Steps 6 and 7

As ever I’ll start with my disclaimer that this is a supplement and not a replacement for any program literature. I’ll rely heavily on the assumption that you’ve read AAs 12 x 12 on step 6 or an equivalent study.

Step 6 is worded as it is very much on purpose. It is about motivation and desire. Just as taking the second step ensures we have the necessary confidence in our program or process of recovery; Step 6 also ensures we are in the right place emotionally and morally to continue the process. This time the preparedness is concerning our recently inventoried defects.

As I was confronted with my defects I was made aware of a troubling reality; Some of my defects were not distinct and independently correctable actions. Instead they were woven into the fabric of my personality and some were even tied to my core motivations and values.

And this is where my humanism really had to start ramping up. The group was not enough to handle all this stuff I had to broaden my spiritual horizon. The first step of this, for me, was getting comfortable with something humans don’t like and is perhaps even why every human culture has some version of religion. I had to get used to not knowing.

This is one of those things that sounds simple but I found putting it into practise to be highly difficult. I found I was fighting my own emotions constantly. I soon learned I was fighting a primary need humans share. We like to feel like we have a handle on things. Knowing “God is going to take care of us” is a good method in that it is effective. It achieves the freedom from busying oneself with chaotic thoughts about things we can’t control anyway and provides the soothing balm of emotional peace that comes from “knowing” you’re being taken care of.

This was not an option for me. I had to come to terms with the fact that this process of changing myself was not going to go the way I usually choose. Namely it would be; 1. Slow 2. Imperfect 3. Unpredictable 4. I would have to depend on others or help.

And this has been largely true as my life has gone. Work on these steps has included giving up on a failing career even though I didn’t want to. It was so familiar and comfortable that it took me years to get over it. Even though the lifestyle it had me in was killing me in sobriety. I knew it was the right decision but my identity was also wrapped up in that job. My low self worth made it difficult for me to exist without doing that particular job.

So I had to start noticing what did and did not feel right. If I continued to do things that didn’t feel right there was a cost. I’d either act out in secondary addictions, unhealthy coping strategies, feeling exhausted or good old fashioned neurotic behaviour.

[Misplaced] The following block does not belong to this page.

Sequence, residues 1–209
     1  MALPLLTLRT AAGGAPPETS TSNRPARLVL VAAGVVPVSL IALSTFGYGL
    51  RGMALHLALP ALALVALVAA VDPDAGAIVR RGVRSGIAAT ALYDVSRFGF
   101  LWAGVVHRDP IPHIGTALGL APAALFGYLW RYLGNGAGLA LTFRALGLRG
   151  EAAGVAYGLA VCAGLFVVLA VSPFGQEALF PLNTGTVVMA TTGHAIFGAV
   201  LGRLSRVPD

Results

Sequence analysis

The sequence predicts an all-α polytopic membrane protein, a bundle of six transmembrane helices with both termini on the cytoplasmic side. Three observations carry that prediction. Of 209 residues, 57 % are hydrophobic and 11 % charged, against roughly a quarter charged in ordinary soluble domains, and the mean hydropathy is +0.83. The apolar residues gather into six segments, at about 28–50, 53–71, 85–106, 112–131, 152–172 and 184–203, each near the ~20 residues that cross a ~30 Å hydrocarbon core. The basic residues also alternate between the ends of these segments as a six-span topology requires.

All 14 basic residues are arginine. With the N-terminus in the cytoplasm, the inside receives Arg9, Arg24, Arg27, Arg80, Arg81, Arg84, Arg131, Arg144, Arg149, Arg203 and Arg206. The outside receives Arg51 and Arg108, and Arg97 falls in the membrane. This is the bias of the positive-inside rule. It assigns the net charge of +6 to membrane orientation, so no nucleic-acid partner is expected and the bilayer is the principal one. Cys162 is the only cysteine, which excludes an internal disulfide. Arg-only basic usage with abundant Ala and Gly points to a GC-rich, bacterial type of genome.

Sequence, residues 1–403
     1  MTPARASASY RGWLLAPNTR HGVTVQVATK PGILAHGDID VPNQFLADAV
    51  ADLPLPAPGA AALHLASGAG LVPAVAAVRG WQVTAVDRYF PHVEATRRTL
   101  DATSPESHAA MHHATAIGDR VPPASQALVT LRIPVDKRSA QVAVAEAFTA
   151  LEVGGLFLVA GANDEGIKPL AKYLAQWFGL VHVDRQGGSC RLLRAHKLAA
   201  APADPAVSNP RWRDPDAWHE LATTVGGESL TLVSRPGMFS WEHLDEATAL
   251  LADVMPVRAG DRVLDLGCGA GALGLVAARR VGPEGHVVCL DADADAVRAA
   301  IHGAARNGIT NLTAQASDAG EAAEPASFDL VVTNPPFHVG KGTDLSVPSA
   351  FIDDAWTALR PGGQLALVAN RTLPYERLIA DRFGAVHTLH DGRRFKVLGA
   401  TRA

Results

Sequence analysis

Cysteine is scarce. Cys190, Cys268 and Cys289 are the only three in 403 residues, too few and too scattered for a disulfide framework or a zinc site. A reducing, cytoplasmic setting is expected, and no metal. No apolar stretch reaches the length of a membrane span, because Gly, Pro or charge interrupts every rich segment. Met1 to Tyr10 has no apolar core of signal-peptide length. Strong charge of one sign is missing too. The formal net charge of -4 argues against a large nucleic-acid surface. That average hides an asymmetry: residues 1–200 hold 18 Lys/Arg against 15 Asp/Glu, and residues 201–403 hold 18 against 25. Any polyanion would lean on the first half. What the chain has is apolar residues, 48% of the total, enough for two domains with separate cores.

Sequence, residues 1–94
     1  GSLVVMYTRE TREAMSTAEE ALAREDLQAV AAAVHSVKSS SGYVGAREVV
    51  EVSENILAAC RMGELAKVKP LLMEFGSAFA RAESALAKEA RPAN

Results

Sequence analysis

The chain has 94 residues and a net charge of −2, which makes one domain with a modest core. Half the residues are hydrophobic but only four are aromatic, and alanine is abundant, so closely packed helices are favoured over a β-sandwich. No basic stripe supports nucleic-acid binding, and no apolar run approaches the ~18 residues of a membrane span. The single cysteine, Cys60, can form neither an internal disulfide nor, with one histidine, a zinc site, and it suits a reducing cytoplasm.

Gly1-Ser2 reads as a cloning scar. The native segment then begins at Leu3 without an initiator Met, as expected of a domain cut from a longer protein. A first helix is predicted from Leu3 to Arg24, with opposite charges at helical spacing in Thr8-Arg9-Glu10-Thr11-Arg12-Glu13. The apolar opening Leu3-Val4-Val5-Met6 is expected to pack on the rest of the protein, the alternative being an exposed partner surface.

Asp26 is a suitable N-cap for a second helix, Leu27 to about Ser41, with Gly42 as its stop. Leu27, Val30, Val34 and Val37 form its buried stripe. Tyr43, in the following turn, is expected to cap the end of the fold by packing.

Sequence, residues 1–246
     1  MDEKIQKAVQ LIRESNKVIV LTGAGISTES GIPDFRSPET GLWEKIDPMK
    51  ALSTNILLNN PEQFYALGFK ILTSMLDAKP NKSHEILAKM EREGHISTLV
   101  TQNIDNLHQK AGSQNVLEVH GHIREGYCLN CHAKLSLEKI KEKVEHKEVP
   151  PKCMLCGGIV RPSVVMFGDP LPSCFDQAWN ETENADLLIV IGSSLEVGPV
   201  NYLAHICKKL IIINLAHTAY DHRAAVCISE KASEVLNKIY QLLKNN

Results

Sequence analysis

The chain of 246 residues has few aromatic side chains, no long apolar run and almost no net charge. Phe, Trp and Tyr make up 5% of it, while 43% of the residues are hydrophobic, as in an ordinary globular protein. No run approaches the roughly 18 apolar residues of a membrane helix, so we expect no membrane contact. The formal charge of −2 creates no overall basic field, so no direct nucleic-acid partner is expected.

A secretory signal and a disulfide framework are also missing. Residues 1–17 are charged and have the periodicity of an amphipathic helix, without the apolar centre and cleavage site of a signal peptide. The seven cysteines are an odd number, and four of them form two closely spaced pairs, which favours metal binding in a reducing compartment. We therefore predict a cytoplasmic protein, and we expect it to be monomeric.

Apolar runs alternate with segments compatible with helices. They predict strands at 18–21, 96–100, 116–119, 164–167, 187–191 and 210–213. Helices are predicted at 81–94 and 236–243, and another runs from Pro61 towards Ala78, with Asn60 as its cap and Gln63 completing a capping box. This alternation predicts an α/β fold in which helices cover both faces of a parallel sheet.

Now my choice in this would be to just stop and move on to being a whole, unafflicted person that always does the right thing. For me this was not possible. I would require a lot of acceptance of myself and the reality that this was a process. The 12 steps as I understand them are not a trip for instant wellness. The word ‘trudge’ was not chosen by accident.

Step 7

Here’s a weird one for us without theistic higher powers. The temptation can be to skip it or ignore it as it seems trifling even to a believer. How can simply asking do anything? I believe in the mind of a believer this can trigger the simulation to switch to a state that convinces the unconscious mind that they are already healed. Once again we see the belief dragging the alcoholic mind forward from the shadows of the subconscious.

As non-believers we have our work cut out for us. I certainly did. I had to go to work unwrapping this box and again, for quite some time. I had to keep moving forward fighting a lot of depression and afflictive thoughts because I was again required to gain comfort and acceptance with a big blank space. Not some far off distant, “who created the universe” question that doesn’t really affect my life in any real way. A pressing immediate question about my life that cannot be ignored. Among other things I was changing careers on this step. I as going into a job that seemed a lot less luxurious, had far less esteem. Yet things were changing for the better and I wasn’t sure why at the time. I was going home and not feeling depressed as often. I certainly wasn’t feeling drained. I wasn’t spending as much money I didn’t have on retail therapy. With the stress of trying to be something I deep down didn’t really care to be I freed up some space and energy to start being me.

The central theme of step 7 and what it means to an atheist is that I simply have to trust that I’m not sure exactly how I’m going to work all these things out. Even the ones that seem insurmountable by me, or any future version of me. I need to find a good footing where I can take what comes and change what I can with what my life events unfold as.

For me (and maybe only for me) it’s important to keep the idea central in my mind that I am not special. I am not guaranteed my life, my health (mental or otherwise) or my livelihood. I must learn my limitations without succumbing to false humility or demoralization. And learn my capabilities and potential without ego or pride bringing me to ruin.

Above all I must accept that this will take time.

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